Anyways, he has been there since day one. Mark and the rest of my brothers have encouraged me, comforted me, listened when I needed to talk, snapped me back into reality when I was out on the edge of reason, smacked me around when i started feeling sorry for myself, and never accepted "i can't" as an answer when they thought I could do something.
I know it sucks for you. I've watched my brothers tear themselves up over my accident. That, honestly, has been one of the hardest things about my new reality. The truth of the matter is, this is what it is. You can't change it and neither can anyone else. Make the best of what you have to work with and support your brother in any way that you feel that you possibly can. Your bond will continue to be strong and he will be forever grateful. Stay strong...be his rock and let him be yours.
"...I ask for, not at once no government, but at once a better government. Let every man make known what kind of government would command his respect, and that will be one step toward obtaining it". ~Henry David Thoreau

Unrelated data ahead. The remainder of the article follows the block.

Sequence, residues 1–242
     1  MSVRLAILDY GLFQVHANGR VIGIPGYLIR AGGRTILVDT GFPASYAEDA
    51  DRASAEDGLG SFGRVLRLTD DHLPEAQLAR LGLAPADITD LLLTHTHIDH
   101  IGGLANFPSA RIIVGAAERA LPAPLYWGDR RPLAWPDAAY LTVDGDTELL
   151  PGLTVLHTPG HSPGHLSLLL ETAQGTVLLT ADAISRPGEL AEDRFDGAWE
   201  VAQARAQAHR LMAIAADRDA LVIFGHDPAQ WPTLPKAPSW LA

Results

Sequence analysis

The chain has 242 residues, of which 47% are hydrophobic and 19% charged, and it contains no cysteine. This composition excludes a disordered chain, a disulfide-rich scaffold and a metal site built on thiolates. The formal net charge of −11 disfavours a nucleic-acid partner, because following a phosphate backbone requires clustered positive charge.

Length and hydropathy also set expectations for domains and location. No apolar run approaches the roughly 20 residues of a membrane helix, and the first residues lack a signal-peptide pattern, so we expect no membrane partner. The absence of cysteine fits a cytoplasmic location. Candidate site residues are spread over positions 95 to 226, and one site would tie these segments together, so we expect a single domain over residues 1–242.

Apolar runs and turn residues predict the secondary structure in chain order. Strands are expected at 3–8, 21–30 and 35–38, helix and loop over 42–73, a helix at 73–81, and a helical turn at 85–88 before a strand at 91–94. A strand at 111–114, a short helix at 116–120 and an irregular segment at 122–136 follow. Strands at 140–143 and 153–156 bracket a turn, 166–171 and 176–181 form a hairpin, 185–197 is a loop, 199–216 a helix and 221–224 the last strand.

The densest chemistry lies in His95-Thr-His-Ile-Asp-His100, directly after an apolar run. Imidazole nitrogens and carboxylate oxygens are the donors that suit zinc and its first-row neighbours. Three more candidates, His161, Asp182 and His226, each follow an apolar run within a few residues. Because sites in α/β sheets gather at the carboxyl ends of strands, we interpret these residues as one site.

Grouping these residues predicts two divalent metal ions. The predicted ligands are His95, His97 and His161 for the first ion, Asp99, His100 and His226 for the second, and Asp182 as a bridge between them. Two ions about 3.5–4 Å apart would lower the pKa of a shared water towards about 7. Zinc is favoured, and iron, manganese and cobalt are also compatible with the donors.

11-28-2004, 05:27 PM
You need to be strong in order to help your brother,stand by his side making him feel that what happened to him is obviously sad and it will change his life completely,but in the same way he is alive and with new opportunities for living a "newer life",making it better and richer (in the sense of enjoying what he has and what he can do as a human being with disabilities)
Never be sorrowful,nor pitiful with him,don't patronize him,be understanding and helpful but never treat him with compassion,be always his support but also show him he can do a good life and being disabled doesn't mean being unworthy,he is as worthy as you are and he is so able as you are too!
Good Luck! http://sci.rutgers.edu/forum/images/smilies/wink.gif
01-24-2005, 03:40 PM
just remember chris....the anger is not at you...just the situation...i used to yell at my brothers and sisters all the time...now i feel terrible. i just wanted to be treated like before the accident(i dove into a swimming pool bottom...c5/c6)..it took time for me to start my new life and get happier http://sci.rutgers.edu/forum/images/smilies/rolleyes.gif